Plans to share study findings should describe
- the parameters for disclosure of study results (e.g., certain responses on a depression inventory; clear presence of a dark shadow image on x-ray, CAT or MRI scan);
- the information that will be disclosed;
- the time frame for reviewing research data to determine whether clinically meaningful information has been obtained;
- implications of the findings for a participant's (or family members') well-being;
- risks of disclosure of the test result (e.g., anxiety, or impact on insurability, employability or reputation);
- recommendations for follow-up confirmation and clinical assessment or intervention; and
- how and when the communication will occur.
The consent process should indicate whether participants will be offered an opportunity to opt out of receiving such information.
When applicable, participants should be told what study results would require prompt intervention by the investigators (e.g., participant is at imminent risk of suicide).
Investigational or Inconclusive Findings
When the methods used to produce the results are considered investigational (e.g., the test itself is experimental) or when the results may not be clinically meaningful or supported (e.g., a laboratory test performed by a laboratory that is not CLIA-certified, brain scan reviewed by a non-clinician) the IRB will typically request that any communication to participants be accompanied by a referral for follow-up involving standard-of-care testing and interpretation of results by a qualified professional.
When research results are associated with mandatory reporting requirements, the consent form must inform participants about
- the information that will be reported; and
- when, how, and to whom the reporting will occur.
Planning for Participant Opt-Out
Researchers must decide in advance how to respect the wishes of participants who choose to opt out of receiving individualized test results.
The voluntary nature of research requires researchers to allow participants to opt out of research activities. However, when these results may be clinically significant, researchers may feel an ethical responsibility to share this information with participants. The PI should consult with each participant to ensure her/his understanding that the opt-out provision means she/he will be given no information about secondary or incidental findings.
Although the IRB will generally favor not sharing study results with a participant when she or he has expressed a preference to not receive a result, extenuating circumstances in which a study result holds a significant clinical impact warrant further consideration by the investigator and the IRB.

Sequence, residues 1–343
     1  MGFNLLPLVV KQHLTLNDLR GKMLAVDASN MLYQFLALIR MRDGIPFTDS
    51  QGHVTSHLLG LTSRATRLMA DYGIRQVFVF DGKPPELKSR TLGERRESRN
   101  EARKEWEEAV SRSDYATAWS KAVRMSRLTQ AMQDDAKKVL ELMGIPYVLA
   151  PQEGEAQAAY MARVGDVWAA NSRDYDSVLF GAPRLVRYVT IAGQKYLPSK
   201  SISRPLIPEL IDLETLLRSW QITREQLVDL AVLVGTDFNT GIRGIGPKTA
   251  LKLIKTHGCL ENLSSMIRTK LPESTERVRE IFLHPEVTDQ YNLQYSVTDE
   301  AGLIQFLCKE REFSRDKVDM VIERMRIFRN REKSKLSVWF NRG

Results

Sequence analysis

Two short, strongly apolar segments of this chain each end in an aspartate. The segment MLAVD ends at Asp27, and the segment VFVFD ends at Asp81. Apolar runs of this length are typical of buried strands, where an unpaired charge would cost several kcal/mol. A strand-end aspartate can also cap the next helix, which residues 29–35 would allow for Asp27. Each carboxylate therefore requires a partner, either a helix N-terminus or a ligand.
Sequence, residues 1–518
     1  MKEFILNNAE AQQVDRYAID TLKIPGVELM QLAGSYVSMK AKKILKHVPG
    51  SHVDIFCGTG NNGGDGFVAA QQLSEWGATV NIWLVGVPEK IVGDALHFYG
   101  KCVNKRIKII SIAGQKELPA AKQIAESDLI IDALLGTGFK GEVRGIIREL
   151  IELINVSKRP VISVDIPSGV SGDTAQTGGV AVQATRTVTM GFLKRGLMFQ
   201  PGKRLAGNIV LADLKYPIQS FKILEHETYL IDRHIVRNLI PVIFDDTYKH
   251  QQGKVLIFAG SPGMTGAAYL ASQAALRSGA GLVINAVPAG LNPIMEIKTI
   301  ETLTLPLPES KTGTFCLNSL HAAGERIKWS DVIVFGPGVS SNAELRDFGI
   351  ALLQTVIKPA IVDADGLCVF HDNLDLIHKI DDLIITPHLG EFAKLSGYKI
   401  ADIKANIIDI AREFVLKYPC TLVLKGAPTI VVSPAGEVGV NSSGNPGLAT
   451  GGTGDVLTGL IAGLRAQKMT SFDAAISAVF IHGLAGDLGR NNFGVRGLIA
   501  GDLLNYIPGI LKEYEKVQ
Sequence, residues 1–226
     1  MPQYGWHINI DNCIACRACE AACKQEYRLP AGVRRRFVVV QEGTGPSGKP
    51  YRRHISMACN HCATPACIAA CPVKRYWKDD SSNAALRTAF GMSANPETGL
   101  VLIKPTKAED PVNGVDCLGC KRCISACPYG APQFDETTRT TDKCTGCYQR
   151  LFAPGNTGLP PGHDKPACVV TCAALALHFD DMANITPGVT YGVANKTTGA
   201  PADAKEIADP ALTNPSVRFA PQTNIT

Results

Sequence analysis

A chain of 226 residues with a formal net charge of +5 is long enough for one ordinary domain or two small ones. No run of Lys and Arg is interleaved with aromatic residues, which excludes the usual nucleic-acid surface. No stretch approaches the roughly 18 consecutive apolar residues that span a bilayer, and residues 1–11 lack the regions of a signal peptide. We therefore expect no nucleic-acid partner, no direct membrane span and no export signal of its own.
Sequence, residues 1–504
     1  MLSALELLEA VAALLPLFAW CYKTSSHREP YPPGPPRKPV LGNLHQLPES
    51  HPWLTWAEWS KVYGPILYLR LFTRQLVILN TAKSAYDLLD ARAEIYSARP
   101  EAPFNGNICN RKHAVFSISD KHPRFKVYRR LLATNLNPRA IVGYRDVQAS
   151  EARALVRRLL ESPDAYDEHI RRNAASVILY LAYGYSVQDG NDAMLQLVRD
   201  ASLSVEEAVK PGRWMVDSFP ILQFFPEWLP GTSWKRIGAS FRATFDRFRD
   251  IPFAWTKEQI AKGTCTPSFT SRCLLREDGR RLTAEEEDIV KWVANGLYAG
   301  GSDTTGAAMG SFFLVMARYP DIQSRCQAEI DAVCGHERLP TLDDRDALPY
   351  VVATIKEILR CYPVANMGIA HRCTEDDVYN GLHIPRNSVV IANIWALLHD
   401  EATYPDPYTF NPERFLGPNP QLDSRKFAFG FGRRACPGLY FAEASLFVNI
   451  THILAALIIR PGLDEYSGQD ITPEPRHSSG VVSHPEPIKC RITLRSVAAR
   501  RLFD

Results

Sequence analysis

IRB Review of Plans for Disclosing Findings to Participants
When researchers plan to communicate findings to study participants, the plan for disclosing results should be described in the IRB application for IRB review and approval.
The IRB must determine whether sharing study findings is warranted and if warranted, the IRB must confirm the plan for sharing findings complies with applicable regulatory requirements, state and federal laws, University policies, and ethical considerations.
The IRB will generally approve disclosure of clinically significant research findings to participants if
- the research test or evaluation represents standard-of-care (i.e., is NOT experimental);
- the test or evaluation is administered/interpreted by qualified, appropriately credentialed clinician (e.g., physician, psychologist, genetic counselor) in a manner that is consistent with good clinical practice;
- the results suggest a participant or others may be at risk of harm that has the potential to be ameliorated through clinical intervention; and
- the potential benefits to individual participants outweigh risks of disclosure.
When the potential need to share study findings with a research participant arises unexpectedly, the PI should submit a protocol amendment describing the reason and plan for communicating research results to individual participants. If results suggest participants or others may be at immediate risk of harm, the PI may take immediate steps to ameliorate the harm and inform the IRB of the harm and preventative actions.
Contacting Participants about Research Findings
When tests or measures may generate findings requiring disclosure to study participants, PIs should retain a link to participant contact information until the outcome of the research test is known. After disclosure, the contact information should be destroyed, unless required for subsequent research-related activities (e.g., long-term follow-up).
When contact information will be retained and linked to study results, participants must told a mechanism exists to link their contact information with test results and must be informed of
- the circumstances under which the link will be used to contact them, and
- when the link will be destroyed.
Disclosure When Findings Are Anonymous or De-Identified
When data are collected without or immediately stripped of participant identifiers, participants should be told that if the research generates clinically meaningful results the investigators will have no way of associating study findings with individual subjects. In some situations, it may be prudent to provide referral information to all participants (e.g., research to assess prevalence of depression includes crisis call line information).
Disclosure of Findings for Research Involving a Waiver of the Informed Consent Process
Researchers and the IRB must weigh the risks of nondisclosure of study results when assessing the criterion to waive the requirements for informed consent.